Three days before I walked into Lake Tahoe to embark on a 10.5 mile swim (my first official open water long distance swim ever!) I got an email that pretty much terrified me. I was literally driving to the airport when I opened and read this email from a person I admired, respected, and trusted, someone who knows more about open water distance swimming than anyone I know, someone who’s advice I had been seeking since starting this quest two months earlier. And someone who decided that that was the moment to tell me I wasn’t ready. Seriously the most amazingly right time to divulge this information, don’t you think?
I was horrified, mortified, terrified (seems to be a theme in my life).
In hindsight I realize this was this person’s way of expressing care, support, and concern for my safety and well being, but boy did they have bad timing, and unfortunately the message just came across very negative and unsupportive. Nothing I could use to help me get across Lake Tahoe.
Quite the opposite.
This email threw my already petrified brain into a tail spin that made the obstacles of getting emotionally and physically ready for the biggest challenge of my life that much more difficult (and I only had two days!).
I kept thinking what if they’re right? They’re the expert, not me. What do I know? This peon who’s never done anything like this before. What if I’m not ready? So much could happen; go wrong. What made me think I could do this? Why am I doing this?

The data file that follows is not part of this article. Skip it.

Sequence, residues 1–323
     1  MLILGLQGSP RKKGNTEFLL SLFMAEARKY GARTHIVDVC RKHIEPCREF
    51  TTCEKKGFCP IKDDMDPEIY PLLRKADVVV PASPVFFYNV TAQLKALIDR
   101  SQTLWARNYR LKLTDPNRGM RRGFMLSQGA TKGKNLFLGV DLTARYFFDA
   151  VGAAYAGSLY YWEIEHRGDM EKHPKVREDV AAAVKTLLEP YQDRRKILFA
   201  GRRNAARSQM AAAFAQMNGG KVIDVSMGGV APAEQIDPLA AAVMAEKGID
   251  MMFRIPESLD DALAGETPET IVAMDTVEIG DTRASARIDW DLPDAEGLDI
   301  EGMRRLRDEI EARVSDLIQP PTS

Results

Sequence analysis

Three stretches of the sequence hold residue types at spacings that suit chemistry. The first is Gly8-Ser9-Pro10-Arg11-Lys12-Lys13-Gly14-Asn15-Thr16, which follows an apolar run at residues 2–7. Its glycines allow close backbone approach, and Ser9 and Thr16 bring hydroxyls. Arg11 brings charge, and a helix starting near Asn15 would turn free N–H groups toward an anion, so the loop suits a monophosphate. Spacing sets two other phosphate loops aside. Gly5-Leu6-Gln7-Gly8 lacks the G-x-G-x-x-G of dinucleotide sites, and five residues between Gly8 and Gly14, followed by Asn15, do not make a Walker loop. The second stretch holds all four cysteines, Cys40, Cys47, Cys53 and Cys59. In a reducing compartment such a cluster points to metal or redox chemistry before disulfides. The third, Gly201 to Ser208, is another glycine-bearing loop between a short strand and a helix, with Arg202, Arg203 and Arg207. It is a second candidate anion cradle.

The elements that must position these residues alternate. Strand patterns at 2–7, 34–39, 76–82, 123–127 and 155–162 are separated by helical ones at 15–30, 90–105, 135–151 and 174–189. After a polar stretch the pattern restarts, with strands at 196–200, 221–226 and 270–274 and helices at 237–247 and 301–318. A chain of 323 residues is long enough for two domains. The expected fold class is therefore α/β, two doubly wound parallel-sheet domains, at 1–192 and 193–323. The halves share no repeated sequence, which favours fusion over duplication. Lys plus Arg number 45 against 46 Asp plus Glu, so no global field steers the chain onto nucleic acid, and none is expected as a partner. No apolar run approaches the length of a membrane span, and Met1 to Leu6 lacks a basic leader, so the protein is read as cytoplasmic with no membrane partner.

I must be crazy.
I had a lot of difficulty sleeping (stress nightmares riddled those 3 nights) and I had to force myself to eat (my stomach was just not having it).
I guarantee you, two things you need before any endurance event: sleep and food.
Three days of self doubt hell.
Except there was this little nagging feeling in the pit of my stomach that said
Over and over and over, every minute, every hour, every waking moment, while I was shopping, while I was testing the lake water, while I was writing postcards
It was this feeling and this feeling alone (amidst the unrelenting whirlwind hurricane tornado of doubt in my head) that kept me going. Kept me swimming each morning to become one with the lake. Kept me going to every sports store in Tahoe in search of the right water bottles. Kept me getting into bed at 10pm and up at 6am. Kept me ordering breakfast, lunch, and dinner and keeping it all down. Kept me solidifying plans with my boat captain and crew. Kept me moving forward towards race day.
Friday morning 2am came.
I got up. I got ready.
Friday morning 3:30am came.
I clicked “Go” on my watch and started swimming.
And I was so ready.
I was so prepared.
My fears had seen to that.
But once I started, I didn’t need them anymore. I was calm, cool, collected, swimming strong and having fun.
And so open water swimming had taught me a very valuable life lesson
Listen to your fears, then ignore them.
I had an amazingly successful swim. My boat captain and crew said I was one of the most prepared and easiest to work with swimmers they had seen. I crossed an hour faster than I thought I would, and felt good the whole way.
But most importantly I knew I could do it. I had prepared, I had done my homework, I had trained hard.
I was ready.